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University of Arkansas Honors Past Graduate Denied Commencement

Black woman's family receives respect due her in 1951

Lothaire Scott Green didn't get a chance to walk across the stage and pick up her master's degree in elementary education at the University of Arkansas' commencement ceremony in 1951. Jim Crow segregation laws prevented her from attending. Instead, she unceremoniously received the long-awaited diploma in the U.S. mail.

See also: 50 years later, college students retrace historic freedom ride.

Treopia Washington was presented with a degree for her mother at this year's University of Arkansas commencement.

Brandon Thibodeaux/MJR

Treopia Washington waits to receive her mother's diploma from the University of Arkansas.

But on Saturday, 60 years later, her daughter, Treopia Green Washington of Baltimore, did get to take that walk and receive the degree in her mother's honor.

Back in 1951, some universities in the South offered graduate studies to African American students but forbade them from taking courses on their segregated campuses.

Although Fayetteville is home to the main campus of the University of Arkansas, Green attended classes in her hometown of Little Rock. Washington says she remembers her mother attending those classes in trailers.

"My mother would never have complained," says Washington of her mom's reaction to the university's mandate. "She was a quiet warrior. She had a quiet, dignified, cultured way. A 'Steel Magnolia' … Ernest and I called her this."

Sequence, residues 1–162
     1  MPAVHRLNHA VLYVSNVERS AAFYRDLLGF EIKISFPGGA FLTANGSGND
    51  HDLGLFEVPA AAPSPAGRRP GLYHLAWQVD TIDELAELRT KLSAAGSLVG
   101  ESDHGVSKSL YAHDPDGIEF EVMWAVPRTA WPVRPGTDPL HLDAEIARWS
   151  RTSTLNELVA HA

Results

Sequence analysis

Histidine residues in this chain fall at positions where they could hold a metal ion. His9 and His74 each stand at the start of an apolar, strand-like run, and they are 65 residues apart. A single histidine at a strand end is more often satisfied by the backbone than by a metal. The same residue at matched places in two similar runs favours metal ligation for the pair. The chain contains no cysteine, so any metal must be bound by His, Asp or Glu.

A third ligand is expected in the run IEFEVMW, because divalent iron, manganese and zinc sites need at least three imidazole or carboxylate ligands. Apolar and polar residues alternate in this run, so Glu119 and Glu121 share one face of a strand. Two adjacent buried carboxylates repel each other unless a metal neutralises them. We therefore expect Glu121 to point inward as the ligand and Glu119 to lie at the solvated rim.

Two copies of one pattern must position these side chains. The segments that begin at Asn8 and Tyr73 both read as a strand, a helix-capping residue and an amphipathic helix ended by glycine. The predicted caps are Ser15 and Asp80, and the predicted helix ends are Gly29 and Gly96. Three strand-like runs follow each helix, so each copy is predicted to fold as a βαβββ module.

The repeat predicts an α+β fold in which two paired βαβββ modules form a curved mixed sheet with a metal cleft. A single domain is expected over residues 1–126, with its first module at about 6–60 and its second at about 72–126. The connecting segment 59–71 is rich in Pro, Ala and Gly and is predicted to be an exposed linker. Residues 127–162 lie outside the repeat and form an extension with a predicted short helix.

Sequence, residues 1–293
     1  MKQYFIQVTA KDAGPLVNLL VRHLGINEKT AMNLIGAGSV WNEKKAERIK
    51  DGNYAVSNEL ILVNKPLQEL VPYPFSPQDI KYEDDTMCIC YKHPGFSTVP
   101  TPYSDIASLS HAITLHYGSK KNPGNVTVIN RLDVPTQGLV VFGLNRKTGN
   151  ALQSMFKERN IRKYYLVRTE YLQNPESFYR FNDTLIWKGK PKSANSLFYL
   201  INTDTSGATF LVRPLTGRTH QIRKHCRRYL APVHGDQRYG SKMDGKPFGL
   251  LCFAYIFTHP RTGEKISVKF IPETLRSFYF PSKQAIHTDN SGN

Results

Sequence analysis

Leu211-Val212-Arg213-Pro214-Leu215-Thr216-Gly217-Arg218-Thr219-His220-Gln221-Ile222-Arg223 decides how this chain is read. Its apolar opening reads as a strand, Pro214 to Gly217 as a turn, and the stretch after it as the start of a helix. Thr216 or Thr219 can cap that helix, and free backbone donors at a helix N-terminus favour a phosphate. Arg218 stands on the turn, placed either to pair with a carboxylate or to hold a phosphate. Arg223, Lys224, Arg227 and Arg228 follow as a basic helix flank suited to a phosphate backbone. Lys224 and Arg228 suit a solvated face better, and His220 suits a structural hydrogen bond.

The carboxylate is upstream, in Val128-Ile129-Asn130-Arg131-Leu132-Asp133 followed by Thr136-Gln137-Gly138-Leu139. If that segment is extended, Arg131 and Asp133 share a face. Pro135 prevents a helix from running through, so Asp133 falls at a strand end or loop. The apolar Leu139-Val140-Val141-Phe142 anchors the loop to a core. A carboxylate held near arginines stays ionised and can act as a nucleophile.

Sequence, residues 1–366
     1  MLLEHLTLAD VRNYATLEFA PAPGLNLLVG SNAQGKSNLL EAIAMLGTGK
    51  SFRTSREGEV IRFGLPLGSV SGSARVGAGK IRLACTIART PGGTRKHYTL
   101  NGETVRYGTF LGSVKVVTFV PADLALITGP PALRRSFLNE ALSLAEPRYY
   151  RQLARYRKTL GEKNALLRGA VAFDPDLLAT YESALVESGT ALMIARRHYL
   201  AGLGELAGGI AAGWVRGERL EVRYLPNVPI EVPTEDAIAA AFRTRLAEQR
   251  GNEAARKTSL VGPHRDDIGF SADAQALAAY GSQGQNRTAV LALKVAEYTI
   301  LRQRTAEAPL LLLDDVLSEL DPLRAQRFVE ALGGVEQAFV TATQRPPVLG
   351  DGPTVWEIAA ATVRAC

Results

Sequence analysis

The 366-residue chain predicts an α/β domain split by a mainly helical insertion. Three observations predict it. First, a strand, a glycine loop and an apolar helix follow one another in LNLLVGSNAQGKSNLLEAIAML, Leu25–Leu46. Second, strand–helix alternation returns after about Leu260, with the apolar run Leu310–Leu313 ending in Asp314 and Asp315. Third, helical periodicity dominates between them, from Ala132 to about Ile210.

Ernest Green Jr., Washington's younger brother, made history in 1957 as one of the "Little Rock Nine," the first African American students to integrate Little Rock Central High School. A year later, he became the school's first black graduate. Martin Luther King Jr. accompanied the Green family to his graduation.

Passion for fashion and education

Yet Lothaire Green would never attend her own graduation from the University of Arkansas. Having already received a bachelor's degree in home economics in 1920 from Wilberforce University in Ohio, she had worked as an educator for many years. A lover of fashion and clothing design, she taught home economics in the Little Rock public schools.

Washington reminisces about her mother's "passion for fashion." "She was ahead of her time. In a later time, she could have been one of the top people in fashion."

Embroidery, appliqué, tiered skirts, women's suits trimmed in Persian lamb wool — nothing overmatched Green's talents. "The more intricate the design, the more she seemed to enjoy making it," her daughter recalls. "The outfits were stunning."

Though Green adored teaching home economics and later first grade, she yearned for a master's degree. Her desire led her to the University of Arkansas to study elementary education. However, Green's excitement in reaching her educational goal took an unhappy turn at the very end of her graduate studies.

"I was with her the day the doorbell rang," says Washington, who was 14 at the time. "It was a postman with a package [that contained] her tassel, her diploma and a letter that congratulated her, but also stated that she would not be able to attend commencement."

Washington remembers the hurt in her mother's brown eyes: "She read it, handed it to me to read, then tossed it in the trash can. She walked away, and never said a word. I never forgot it."